Energy-efficient miners in US less likely to be impacted by Bitcoin halving


Recent data from Hashlabs Mining found that 40% of Bitcoin (BTC) mining occurs in the United States. While notable, some industry experts predict that the next halving may push U.S.-based miners offshore

Raphael Zagury, chief investment officer at Swan Bitcoin — a Bitcoin-focused financial services company — told Cointelegraph that the upcoming halving will undoubtedly have a profound impact on U.S. miners, cutting their revenue in half. 

“This acts as a great filter, distinguishing between efficient, profitable miners and those less capable,” Zagury said.

The next halving event is set to occur in April, cutting the Bitcoin mining reward from 6.25 BTC to 3.125 BTC. The reduction in mining rewards will impact operations for miners globally. Yet regions with a large number of miners will likely face the biggest challenges. 

U.S. miners aim for energy efficiency post-halving

Haris Basit, chief strategy officer at Bitdeer — a publicly traded mining service provider — told Cointelegraph that the halving event is one of the most predictable occurrences in the crypto industry. 

Given this, he said that Bitdeer has been preparing for halving events years in advance to ensure its operations remain efficient.

Basit explained that low electricity costs are a priority for Bitdeer to keep its six worldwide mining facilities profitable.

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He said: “Bitdeer regularly publishes its power costs and has one of the lowest costs of electricity in the industry. These costs vary from quarter to quarter and from location to location. We are constantly working on lowering our energy cost and have multiple ongoing efforts which we believe will have a significant impact in the future.”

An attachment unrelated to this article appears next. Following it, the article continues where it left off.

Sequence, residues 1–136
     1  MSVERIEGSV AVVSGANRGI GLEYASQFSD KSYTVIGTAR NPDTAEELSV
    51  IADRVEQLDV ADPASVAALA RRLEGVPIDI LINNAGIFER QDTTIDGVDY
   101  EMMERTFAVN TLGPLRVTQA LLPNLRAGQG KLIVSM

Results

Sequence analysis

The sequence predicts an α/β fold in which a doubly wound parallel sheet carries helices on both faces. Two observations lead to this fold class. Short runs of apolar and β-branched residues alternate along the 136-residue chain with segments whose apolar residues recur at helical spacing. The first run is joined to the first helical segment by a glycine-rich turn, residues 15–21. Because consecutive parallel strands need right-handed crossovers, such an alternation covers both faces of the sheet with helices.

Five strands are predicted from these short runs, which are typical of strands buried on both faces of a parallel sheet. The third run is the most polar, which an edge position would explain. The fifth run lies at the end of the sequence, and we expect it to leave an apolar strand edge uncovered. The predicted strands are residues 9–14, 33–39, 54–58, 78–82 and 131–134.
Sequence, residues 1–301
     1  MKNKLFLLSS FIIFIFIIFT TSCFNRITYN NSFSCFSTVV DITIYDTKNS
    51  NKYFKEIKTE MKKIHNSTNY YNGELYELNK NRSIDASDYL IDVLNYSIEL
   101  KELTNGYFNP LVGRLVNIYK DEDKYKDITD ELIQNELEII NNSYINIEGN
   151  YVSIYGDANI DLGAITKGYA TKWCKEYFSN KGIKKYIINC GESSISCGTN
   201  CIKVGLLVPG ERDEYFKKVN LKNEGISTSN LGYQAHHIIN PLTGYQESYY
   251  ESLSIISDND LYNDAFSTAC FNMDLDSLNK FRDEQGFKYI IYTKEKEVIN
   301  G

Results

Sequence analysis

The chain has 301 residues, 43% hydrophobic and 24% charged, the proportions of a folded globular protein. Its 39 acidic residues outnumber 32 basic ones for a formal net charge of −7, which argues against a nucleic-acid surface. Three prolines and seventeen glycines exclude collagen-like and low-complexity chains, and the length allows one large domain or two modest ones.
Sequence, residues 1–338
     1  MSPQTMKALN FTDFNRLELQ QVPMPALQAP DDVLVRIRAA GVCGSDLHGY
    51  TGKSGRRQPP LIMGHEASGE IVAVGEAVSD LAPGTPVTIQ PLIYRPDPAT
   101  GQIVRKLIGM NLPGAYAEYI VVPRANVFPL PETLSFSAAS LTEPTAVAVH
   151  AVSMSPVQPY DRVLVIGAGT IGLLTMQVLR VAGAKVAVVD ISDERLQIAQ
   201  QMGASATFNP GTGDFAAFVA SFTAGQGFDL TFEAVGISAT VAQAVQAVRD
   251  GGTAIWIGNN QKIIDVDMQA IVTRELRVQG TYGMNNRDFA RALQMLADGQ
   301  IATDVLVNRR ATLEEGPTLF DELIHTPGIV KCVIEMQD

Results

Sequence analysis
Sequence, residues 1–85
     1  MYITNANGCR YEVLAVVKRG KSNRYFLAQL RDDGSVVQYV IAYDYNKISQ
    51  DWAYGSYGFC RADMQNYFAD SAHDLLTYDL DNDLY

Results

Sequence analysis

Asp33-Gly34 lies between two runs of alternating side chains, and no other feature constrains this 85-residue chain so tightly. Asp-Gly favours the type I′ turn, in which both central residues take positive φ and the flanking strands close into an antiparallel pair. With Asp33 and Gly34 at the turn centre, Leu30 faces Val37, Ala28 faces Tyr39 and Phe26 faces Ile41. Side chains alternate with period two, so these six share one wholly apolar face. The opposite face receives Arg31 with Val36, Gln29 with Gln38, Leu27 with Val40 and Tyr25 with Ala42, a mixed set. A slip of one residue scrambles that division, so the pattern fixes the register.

With three mining facilities based in America, Basit further explained that the halving’s impact on its operations within that region greatly depends on the price of Bitcoin at the time of the event.

“If the price of Bitcoin stays around the current levels, we expect that there will be some decline in the global hash rate. This includes the U.S. operations of some companies.”

The Bitcoin network’s hash rate measures the total computational power used by miners. Data from BitInfoCharts shows that the network’s hash rate has steadily risen since April 2021, reaching all-time highs during January 2024. Yet a decrease in block rewards, coupled with the high energy usage required for mining, may result in miners going offline after the halving.

“Of course, the effect will disproportionately fall on those mining operations that have the highest costs,” said Basit. “But if Bitcoin price is substantially above the current levels, then the effect will be very different.”

Jamie McAvity, CEO at Cormint Data Systems — a Bitcoin mining company based in Ft. Stockton, Texas — told Cointelegraph that approximately 50% of mining computers currently have an efficiency between 30 and 40 joules per terahash.

He said: “This equates to an electricity breakeven price of about $.08/kilowatt-hour. If the halving were to occur today, many of these computers would no longer be able to mine profitably, as that would require an electricity cost of $.04/kilowatt-hour or lower.”